Summary: The gate could be prettier than the Temple – it is another paradox of modern religion. Big gates, large ways coming trough, but no salvation at the gate.
Just look at him: an ordinary beggar, one among thousands who filled Jerusalem streets... And today was just another day, no better and no worse then all the other days that had made up the life of this poor crippled beggar. Who was he, we don’t know. The Bible reveals nothing about his life up to this day, and nothing about his life after this day. But this ordinary day would be written about and read about by millions of people all over the world. Acts 3: 1.2 (read it)
This story of the healing of a congenital cripple is the story of my life and your life. It demonstrates that Jesus Christ is
- truly raised from the dead,
- that he ascended into the heavens,
- that he is seated at the right hand of God,
- that he is the Lord of all and Savior of his people, and
- that he has the power and authority to continue to perform miracles in history, especially the miracle of saving sinners.
Jesus Christ has all authority in heaven and on earth, and so, in Acts 3, we find this illustration of the type of miracle the apostles performed in the Name of and by the Authority of the Lord Jesus Christ.
THE CONGENITAL CRIPPLE.
I will like to make some points about this Bible passage. First, let’s look at the crippled man, who is a type of a sinner. On that day, Peter and John went into the temple. They had to go through the Gate called Beautiful, which opened to the Court of Women. This beautiful gate was huge - 50 cubits high and 40 cubits wide and overlaid with bronze, it was truly a work of art. Here Peter and John encountered a congenital cripple who was begging for money.
In ancient times, poor beggars often were found by rich people’s houses as well as by busy streets, markets, and anywhere else people would pass. They were especially found near the temple gates and this still true today. Gypsies-beggars are all around churches in Romania; the same in France and UK. Paris and London’s churches are literally homes for many beggars. Chased by police, they return always there.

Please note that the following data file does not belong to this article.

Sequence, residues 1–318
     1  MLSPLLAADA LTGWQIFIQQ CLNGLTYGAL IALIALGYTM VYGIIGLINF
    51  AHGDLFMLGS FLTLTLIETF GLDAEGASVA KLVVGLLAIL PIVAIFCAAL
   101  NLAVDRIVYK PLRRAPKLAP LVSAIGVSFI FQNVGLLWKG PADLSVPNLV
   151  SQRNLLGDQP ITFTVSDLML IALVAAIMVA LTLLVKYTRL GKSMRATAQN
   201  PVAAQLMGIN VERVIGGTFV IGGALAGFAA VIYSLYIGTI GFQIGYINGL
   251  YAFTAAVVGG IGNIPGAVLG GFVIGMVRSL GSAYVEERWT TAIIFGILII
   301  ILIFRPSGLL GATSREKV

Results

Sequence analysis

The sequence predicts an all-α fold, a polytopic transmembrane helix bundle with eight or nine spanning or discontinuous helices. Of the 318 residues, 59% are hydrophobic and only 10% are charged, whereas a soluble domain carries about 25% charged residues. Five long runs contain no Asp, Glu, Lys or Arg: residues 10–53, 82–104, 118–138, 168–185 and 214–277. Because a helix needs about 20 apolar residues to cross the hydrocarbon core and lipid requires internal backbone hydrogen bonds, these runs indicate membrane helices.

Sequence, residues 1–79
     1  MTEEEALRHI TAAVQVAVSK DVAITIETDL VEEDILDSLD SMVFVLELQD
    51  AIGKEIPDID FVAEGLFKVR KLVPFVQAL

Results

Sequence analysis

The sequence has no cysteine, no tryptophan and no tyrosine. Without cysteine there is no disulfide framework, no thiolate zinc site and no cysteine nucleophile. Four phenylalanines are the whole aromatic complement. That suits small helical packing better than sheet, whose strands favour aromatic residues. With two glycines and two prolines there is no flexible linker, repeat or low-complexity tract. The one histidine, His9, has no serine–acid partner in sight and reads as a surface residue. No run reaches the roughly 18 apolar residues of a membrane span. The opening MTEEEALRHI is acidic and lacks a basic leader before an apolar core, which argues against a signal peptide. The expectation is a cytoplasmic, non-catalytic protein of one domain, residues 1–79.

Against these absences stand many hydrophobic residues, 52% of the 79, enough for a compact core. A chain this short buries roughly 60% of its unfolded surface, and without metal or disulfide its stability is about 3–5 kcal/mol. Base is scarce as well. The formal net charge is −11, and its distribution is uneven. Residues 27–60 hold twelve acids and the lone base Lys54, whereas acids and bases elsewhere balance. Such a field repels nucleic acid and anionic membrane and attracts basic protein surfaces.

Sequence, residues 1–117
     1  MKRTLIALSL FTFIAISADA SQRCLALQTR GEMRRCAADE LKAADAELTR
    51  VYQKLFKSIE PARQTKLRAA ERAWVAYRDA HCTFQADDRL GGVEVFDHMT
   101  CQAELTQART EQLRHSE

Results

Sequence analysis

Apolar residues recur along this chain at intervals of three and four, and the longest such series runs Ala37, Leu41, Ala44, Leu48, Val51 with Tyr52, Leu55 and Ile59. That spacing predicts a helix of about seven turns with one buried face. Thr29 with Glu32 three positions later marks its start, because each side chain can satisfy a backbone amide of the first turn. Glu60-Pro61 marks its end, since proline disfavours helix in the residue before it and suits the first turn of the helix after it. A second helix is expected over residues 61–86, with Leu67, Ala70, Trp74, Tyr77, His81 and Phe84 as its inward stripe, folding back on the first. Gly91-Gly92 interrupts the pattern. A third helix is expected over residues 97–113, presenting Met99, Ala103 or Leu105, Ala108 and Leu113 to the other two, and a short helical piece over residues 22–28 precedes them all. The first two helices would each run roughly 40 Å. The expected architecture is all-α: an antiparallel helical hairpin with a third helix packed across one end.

During my last trip in Europe I saw a large number of beggars. There were so many beggars, there was no way one could respond to all of them. The solution was often not to “see” any of them. But the beggars made this difficult. They would press themselves on you. They would approach you, tugging at your sleeve and pleading loudly for help. Some beggars are aggressive, something like some salespersons as you try to walk through the appliance section. You would concentrate on not seeing them as they converged on you, and you hurried to get through before you were trapped.
Did you get the picture? A beautiful gate but repulsive beggars all around it - what a contrasting picture!
Go away beggar, I cannot shot pictures of this place because of you… I came to this church, and I entered trough this beautiful gate to enjoy myself, to admire the view, to listen nice music and a good sermon… But you, miserable beggar, you destroyed my peace!...
This particular beggar was 40 years old and had been a cripple all his life. He was not suffered an accident and become paralyzed kind of Superman - Christopher Reeve type. No, this beggar was crippled from his mother’s womb. He don’t know how wonderful is to walk. Actually, he don’t know to walk and he never tried to walk. Look at him in his childhood - every kid running, jumping, climbing… he can’t. Frustration. As a young adolescent, he is looking depressed how others go for a diner with their girlfriends. He can’t. He will never find a girl willing to date and marry a crippled man, unable to work and to sustain a family.